In the penultimate scene, the ghost of the Commendatore appears to Don Giovanni.
In the work, however, there is another scene in which the other characters moralize upon Don Giovanni's end.
He had never heard of it, nor of Don Giovanni, nor of Fidelio.
His Don Giovanni and the Requiem were written in a bowling-green and a garden.
Don Giovanni orders preparations for the festival in his palace.
Back in his palace, Don Giovanni seats himself at table and sings of the pleasures of life.
Don Giovanni bids it, through Leporello, to supper with him in his palace.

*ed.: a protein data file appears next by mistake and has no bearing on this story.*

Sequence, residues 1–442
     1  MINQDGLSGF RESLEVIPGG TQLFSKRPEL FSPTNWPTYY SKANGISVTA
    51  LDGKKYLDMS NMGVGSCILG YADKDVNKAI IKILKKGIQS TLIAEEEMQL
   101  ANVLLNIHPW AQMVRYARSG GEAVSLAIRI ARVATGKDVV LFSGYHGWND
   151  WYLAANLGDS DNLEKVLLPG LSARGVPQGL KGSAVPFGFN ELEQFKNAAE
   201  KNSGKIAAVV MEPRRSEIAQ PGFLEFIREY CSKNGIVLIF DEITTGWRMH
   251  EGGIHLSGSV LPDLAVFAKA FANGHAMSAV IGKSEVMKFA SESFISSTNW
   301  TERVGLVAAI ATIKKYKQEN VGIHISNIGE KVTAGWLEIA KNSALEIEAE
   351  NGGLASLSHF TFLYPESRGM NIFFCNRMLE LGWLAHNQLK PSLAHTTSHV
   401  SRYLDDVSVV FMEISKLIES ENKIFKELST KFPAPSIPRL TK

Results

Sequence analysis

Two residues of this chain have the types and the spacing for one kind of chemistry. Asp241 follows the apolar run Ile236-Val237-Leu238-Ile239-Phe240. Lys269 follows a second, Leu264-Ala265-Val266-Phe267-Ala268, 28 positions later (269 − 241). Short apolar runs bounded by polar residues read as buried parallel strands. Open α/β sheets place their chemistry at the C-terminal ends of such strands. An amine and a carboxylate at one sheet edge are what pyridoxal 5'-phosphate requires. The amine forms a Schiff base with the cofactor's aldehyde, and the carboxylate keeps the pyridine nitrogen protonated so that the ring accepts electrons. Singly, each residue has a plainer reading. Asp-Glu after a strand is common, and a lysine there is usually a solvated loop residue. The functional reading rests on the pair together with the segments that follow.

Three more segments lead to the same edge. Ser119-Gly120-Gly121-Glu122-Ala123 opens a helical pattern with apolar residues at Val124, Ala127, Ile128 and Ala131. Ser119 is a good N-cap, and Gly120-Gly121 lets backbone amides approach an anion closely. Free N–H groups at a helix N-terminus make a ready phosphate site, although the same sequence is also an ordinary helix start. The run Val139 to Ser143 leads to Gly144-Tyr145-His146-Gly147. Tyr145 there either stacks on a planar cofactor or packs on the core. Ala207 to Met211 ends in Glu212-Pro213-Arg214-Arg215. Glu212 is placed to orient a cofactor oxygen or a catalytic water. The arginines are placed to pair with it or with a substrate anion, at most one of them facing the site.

In disdain she saunters away, plump as a pampered pouter pigeon, humming the duet from Don Giovanni.
All is dark save for the flame of the candle in Don Giovanni's hand.
After an air from "Don Giovanni," she would say, "Mozart must be in heaven: they could never get on without him!"
An opera by Wolfgang Amadeus Mozart, recounting the dissolute life of Don Juan (Don Giovanni is the Italian form of Don Juan). At the end of the opera, a statue of a man Don Giovanni has killed comes to life and drags the unscrupulous seducer into the burning pit of hell.